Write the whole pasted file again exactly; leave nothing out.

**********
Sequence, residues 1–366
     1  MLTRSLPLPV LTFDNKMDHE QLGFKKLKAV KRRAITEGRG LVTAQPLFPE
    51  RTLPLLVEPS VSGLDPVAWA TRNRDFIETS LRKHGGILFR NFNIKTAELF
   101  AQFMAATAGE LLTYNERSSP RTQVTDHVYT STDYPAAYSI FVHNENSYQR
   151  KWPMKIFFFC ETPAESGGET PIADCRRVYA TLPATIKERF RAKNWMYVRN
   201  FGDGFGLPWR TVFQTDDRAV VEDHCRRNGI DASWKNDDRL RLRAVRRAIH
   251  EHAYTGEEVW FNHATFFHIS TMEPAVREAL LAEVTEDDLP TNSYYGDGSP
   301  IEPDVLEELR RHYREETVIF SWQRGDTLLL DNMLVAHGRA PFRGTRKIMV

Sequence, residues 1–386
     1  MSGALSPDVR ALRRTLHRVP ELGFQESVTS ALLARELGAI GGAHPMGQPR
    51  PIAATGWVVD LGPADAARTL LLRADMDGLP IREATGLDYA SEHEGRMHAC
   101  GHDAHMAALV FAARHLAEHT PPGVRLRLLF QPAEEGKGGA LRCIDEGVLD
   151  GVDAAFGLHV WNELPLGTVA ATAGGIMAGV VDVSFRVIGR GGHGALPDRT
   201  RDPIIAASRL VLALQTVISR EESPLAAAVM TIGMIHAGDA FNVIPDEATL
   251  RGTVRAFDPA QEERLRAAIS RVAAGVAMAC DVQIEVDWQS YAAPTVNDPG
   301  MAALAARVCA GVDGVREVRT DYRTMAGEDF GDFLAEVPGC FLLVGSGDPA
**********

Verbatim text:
Sequence, residues 1–366
     1  MLTRSLPLPV LTFDNKMDHE QLGFKKLKAV KRRAITEGRG LVTAQPLFPE
    51  RTLPLLVEPS VSGLDPVAWA TRNRDFIETS LRKHGGILFR NFNIKTAELF
   101  AQFMAATAGE LLTYNERSSP RTQVTDHVYT STDYPAAYSI FVHNENSYQR
   151  KWPMKIFFFC ETPAESGGET PIADCRRVYA TLPATIKERF RAKNWMYVRN
   201  FGDGFGLPWR TVFQTDDRAV VEDHCRRNGI DASWKNDDRL RLRAVRRAIH
   251  EHAYTGEEVW FNHATFFHIS TMEPAVREAL LAEVTEDDLP TNSYYGDGSP
   301  IEPDVLEELR RHYREETVIF SWQRGDTLLL DNMLVAHGRA PFRGTRKIMV

Sequence, residues 1–386
     1  MSGALSPDVR ALRRTLHRVP ELGFQESVTS ALLARELGAI GGAHPMGQPR
    51  PIAATGWVVD LGPADAARTL LLRADMDGLP IREATGLDYA SEHEGRMHAC
   101  GHDAHMAALV FAARHLAEHT PPGVRLRLLF QPAEEGKGGA LRCIDEGVLD
   151  GVDAAFGLHV WNELPLGTVA ATAGGIMAGV VDVSFRVIGR GGHGALPDRT
   201  RDPIIAASRL VLALQTVISR EESPLAAAVM TIGMIHAGDA FNVIPDEATL
   251  RGTVRAFDPA QEERLRAAIS RVAAGVAMAC DVQIEVDWQS YAAPTVNDPG
   301  MAALAARVCA GVDGVREVRT DYRTMAGEDF GDFLAEVPGC FLLVGSGDPA